by Erin Leyba, LCSW, PhD
All done having kids? Mourning the fact that you’ll never again have a little baby of your own to cuddle?
There are certain milestones – weaning from nursing or bottles, a vasectomy, a health issue, selling the crib, or simply deciding not to have another baby – that may bring up sadness.
Here are four ideas to help you honor your feelings and set you up for conscious parenting moving forward.
Savor Your Favorite Memories
Even if you didn’t take photos of your naked belly every week you were pregnant or capture portraits of your baby with “1 month,” and “2 months” signs wedged between his chubby arms, you can still remember the sacred times when you soothed, snuggled, fed, changed, rocked, and bonded with your baby.
Write down your favorite moments of pregnancy and new parenthood. These might include the day you found out you were pregnant, the first time you saw the ultrasound, or a walk in the woods on an autumn day right before you gave birth.
You might recall details about your baby’s personality, charm, sense of humor, feistiness, or calm demeanor. You might remember gazing in your baby’s eyes for the first time or singing lullabies before bed.
Record the things your baby loved the best (like a blue shiny blanket or when you patted her back) or the comments people made about her (e.g. look at those eyelashes!).
Paint, sketch, or write poetry about the unique time when you were the parent of a baby. Notice the senses you felt including sights, smells, touches, sounds, and tastes. Write a love letter to your child about his or her baby phase.
Jot down thoughts about what felt especially joyful about new parenthood. What were your favorite parts? What was something you were good at? What are you proud of? What were the happiest moments? What’s a beautiful time you will never forget?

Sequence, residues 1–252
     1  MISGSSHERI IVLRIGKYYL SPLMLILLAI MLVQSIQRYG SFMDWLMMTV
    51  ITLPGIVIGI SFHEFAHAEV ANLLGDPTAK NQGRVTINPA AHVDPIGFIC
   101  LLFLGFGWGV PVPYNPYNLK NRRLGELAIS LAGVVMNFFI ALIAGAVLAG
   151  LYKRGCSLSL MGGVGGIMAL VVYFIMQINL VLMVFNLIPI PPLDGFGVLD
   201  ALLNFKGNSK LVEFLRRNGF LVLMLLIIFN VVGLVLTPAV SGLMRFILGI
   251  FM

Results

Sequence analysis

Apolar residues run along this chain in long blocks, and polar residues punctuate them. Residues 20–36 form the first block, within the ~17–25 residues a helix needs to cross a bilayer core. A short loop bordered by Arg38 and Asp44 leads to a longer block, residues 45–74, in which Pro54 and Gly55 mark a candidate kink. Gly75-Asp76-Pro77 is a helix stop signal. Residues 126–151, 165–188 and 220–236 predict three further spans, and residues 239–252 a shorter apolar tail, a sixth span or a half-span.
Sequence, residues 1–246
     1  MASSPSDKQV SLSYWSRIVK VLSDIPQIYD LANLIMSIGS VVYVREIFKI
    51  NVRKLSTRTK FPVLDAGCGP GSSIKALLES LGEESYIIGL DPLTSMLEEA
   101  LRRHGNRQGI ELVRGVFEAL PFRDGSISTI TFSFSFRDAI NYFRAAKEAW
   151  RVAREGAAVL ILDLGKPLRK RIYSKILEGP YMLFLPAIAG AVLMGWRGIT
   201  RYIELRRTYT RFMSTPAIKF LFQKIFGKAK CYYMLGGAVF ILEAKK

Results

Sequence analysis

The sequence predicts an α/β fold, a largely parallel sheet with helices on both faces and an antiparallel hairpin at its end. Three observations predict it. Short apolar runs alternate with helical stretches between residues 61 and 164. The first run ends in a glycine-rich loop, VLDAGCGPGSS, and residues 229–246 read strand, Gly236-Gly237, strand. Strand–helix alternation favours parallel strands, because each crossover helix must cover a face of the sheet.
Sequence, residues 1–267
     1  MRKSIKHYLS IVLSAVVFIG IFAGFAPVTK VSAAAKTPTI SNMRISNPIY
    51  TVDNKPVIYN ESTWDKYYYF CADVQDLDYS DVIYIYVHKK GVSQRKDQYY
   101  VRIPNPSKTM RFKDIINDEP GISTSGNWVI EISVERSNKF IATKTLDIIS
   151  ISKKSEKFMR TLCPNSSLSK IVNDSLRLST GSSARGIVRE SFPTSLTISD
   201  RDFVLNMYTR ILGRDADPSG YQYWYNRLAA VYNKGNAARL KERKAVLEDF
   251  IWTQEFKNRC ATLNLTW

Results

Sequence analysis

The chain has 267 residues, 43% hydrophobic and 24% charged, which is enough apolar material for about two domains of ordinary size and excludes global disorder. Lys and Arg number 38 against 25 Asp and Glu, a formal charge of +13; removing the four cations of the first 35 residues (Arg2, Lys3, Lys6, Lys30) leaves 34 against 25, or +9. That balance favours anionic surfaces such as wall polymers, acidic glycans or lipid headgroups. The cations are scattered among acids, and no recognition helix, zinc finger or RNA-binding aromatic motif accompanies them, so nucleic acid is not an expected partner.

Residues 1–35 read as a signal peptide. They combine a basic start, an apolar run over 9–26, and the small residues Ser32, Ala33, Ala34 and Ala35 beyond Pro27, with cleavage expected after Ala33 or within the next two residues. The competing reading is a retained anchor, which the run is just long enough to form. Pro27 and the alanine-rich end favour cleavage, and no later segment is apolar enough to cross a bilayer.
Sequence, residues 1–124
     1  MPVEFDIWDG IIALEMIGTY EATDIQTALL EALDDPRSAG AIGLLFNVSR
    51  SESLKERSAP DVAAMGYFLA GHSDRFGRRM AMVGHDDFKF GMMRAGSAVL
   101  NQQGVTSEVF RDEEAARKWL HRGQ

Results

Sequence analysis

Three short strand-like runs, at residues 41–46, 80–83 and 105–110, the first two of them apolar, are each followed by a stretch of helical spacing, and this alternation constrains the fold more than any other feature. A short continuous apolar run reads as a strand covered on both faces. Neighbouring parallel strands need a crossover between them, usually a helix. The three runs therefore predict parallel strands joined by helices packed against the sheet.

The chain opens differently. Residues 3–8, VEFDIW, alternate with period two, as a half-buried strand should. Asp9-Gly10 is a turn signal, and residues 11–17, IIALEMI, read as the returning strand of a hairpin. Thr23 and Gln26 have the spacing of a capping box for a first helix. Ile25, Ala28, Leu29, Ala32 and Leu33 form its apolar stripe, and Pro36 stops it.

Clear Negative Feelings From the Challenges of this Time
If you didn’t get to fully enjoy a part of early parenthood, reflect on the challenges you endured. Spend a moment appreciating the resilience you mustered to get through difficult times.
If you had a pregnancy scare, you had a rough delivery, your baby was in the neonatal intensive care unit, you had trouble nursing, your baby had colic or a health issue, your baby woke up all night, you had trouble with child care, or you had other unique stressors (like a job loss, a move, an injury, or a sick relative) to deal with, acknowledge the strength you needed to get through it.
Reflecting on how you felt during challenges honors and then releases feelings of anger, regret, sadness, guilt, and disappointment. Clearing these negative emotions creates space to become the parent you want to be moving forward. It propels you toward the new phase of your life with clarity and grace.
Use a Ritual to Honor the Unique Time When You Had Babies
Donate your baby stuff to a family shelter or Goodwill.
Give a donation to the March of Dimes, an adoption agency, a children’s shelter, or another organization that helps babies or kids.
Make a book with photographs of yourself with your babies.
Prepare for the Sacred Moments of the Next Phase of Parenting
Go on a family bike ride, go on a vacation, or do something else you couldn’t have managed with babies.
Talk to some of your friends with older children and ask them what stands out for them about that time.
Read a book or a blog about positive discipline for preschoolers, parenting school-aged children, or doing art projects or enrichment activities with older children.
Plan quarterly special time outings with your older children, such as going on a train ride, to the baseball game, or to a water park together.
Set personal goals for your next phase of parenting, such as eating dinner together as a family, upholding the expectation of chores, or spending more time in nature.
It’s natural to feel some sadness about not having another baby or being done with the baby phase of your life. Even if you are relieved, you may also experience this as a loss. Through reflection, clearing, ritual, and mindfulness, you can bring in healing and prepare for what’s next.
Erin Leyba, LCSW, PhD, mom to three, is a psychotherapist for individuals and couples in Chicago’s western suburbs. She specializes in counseling for parents of babies and young children. www.erinleyba.com or firstname.lastname@example.org To follow this blog by e mail, click the follow button on the left.